…asked my allotment neighbour.
This is now January 2019, we’d had the allotment for three months and the only things to show for it were the weeds cleared from the fruit, the posts up for the raspberries and the membrane down to kill the weeds. I have since found out that there is an unwritten rule that no matter when you get your allotment, the expectation is you immediately clear a space, no matter how small or what the rest of the plot looks like and plant something…which is usually onions…
“Um, yes, I’m planning to” I reply in a weak, ‘still don’t know what I’m doing’ sort of voice.
My plan was, instead of careering headlong into something (which is usual for me, and I wasn’t even sure I wanted to grow onions anyway), this time I would take my time and do things systematically. I wanted to have a perfectly planned and set up growing space before I started planting and to start with I had to decide what I was going to grow the vegetables in.
Now, I’ve always loved a book and as I was looking for information and inspiration I had the perfect opportunity to buy some more – guess where my husband’s eyes are? I’ve made a list of the books I found useful at the bottom of this page and having read around the subject both in books and on the internet, I decided to go for raised beds. (There will be a separate blog post on raised beds).
Growing straight into the ground seemed a bit too advanced for me, I just couldn’t get my head around how you keep all the pests off and looking at pictures in the books of perfect rows of large, healthy vegetables and imagining all that I would need to do to accomplish this was too much for me to deal with, so smaller manageable raised beds was the way to go.
It seems the recommendation is to make the beds approximately 8ft x 4ft which is 2m x 1.2m. Never having been any good at maths and thinking I knew better than the years of experience and research I had read, I promptly ignored the advice and went for 1.5m wide and 3m long beds, I worked out I could get five of these beds down the left hand side of the plot and I settled on using decking boards to create them (discussed in the raised beds post)
Now, neither my husband nor me are the best at DIY. I’m happy to have a go, but I think it’s fair to say my talents lie elsewhere and my husband, well, following previous attempts he has been banned from attempting any DIY at home unless under strict supervision! I’m just setting the scene of two inept souls who could be found manhandling metres of wood and screws and cordless drills, and we just about managed one bed on each visit.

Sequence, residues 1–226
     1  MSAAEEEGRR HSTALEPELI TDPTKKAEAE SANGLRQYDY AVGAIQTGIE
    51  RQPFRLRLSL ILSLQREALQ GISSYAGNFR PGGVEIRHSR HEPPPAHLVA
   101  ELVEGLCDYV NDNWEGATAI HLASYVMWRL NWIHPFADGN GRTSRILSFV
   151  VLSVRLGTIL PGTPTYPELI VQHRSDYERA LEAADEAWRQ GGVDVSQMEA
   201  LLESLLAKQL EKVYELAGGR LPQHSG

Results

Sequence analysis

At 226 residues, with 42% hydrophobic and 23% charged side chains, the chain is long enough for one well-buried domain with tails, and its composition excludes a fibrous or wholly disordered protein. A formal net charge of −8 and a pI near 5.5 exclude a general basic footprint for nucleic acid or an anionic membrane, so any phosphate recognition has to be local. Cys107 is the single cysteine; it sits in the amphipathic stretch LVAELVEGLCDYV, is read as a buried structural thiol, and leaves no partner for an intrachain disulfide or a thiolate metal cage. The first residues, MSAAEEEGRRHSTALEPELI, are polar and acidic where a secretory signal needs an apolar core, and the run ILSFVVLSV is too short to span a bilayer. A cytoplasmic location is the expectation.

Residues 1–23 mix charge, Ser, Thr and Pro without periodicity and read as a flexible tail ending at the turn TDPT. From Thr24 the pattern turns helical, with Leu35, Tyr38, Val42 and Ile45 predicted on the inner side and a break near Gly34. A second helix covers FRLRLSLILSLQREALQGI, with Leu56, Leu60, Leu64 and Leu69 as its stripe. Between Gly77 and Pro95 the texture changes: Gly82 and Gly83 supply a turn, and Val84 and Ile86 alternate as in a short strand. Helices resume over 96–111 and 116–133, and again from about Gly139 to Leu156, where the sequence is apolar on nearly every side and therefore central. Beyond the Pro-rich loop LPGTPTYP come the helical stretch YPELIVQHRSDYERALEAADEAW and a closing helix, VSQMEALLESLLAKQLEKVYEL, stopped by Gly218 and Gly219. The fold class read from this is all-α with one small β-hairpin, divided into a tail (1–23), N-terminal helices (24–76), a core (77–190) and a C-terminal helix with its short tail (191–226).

Because the membrane I had laid previously had only been down a few months it had not been down long enough to kill the weeds, so each bed was going to need to be dug over and as much of the weed removed as possible. Then I would cover these new beds back over with the membrane ready to remove when I was ready to plant something. (As I write this now, my understanding of how to prepare the growing area has changed and a future post will describe how I now use the ‘no-dig’ approach)
I also needed to calculate how much soil or compost I would need. Each bed needed a whopping 1,800L of compost – My husband’s eyes can’t get much higher – do you know how much compost is to buy? If I could insert the facepalm emoji here, I would! So, to save some outlay I decided on the ‘as and when’ philosophy, filling the beds as and when I needed to.
It was while I was digging and filling these beds that I sustained my first significant allotment injury. I wasn’t concentrating and was backing up while manoeuvring the wheelbarrow when I tripped backwards into the raised bed, tipping the wheelbarrow’s contents on the ground and landing, rather un-gracefully, on the upturned post of a smaller bed. I was alone on the plot and just lay there laughing but soon realised I’d actually hurt myself. I will spare your blushes and won’t publish the photos but suffice to say I had a rather large and impressive plum coloured bruise over my coccyx. I was very lucky that the only thing dented was my pride.
By the end of January the beds were complete and the plot slowly took shape over the next few months and I’ll let the photographs illustrate this early transformation.
In the May I plucked up the courage and actually planted something. I know that sounds ridiculous as the whole point of an allotment is to grow stuff, but I so wanted to get it right and didn’t want to find out that I really wasn’t the gardener I wanted to be, that I procrastinated until I really couldn’t avoid it any longer. So in that first bed, I planted broad beans, leeks, Brussels sprouts (I wanted our own sprouts for Christmas dinner), cabbages and the by now, essential, marigolds, covered them all in butterfly netting to keep the cabbage whites away and crossed my fingers…
Books I found useful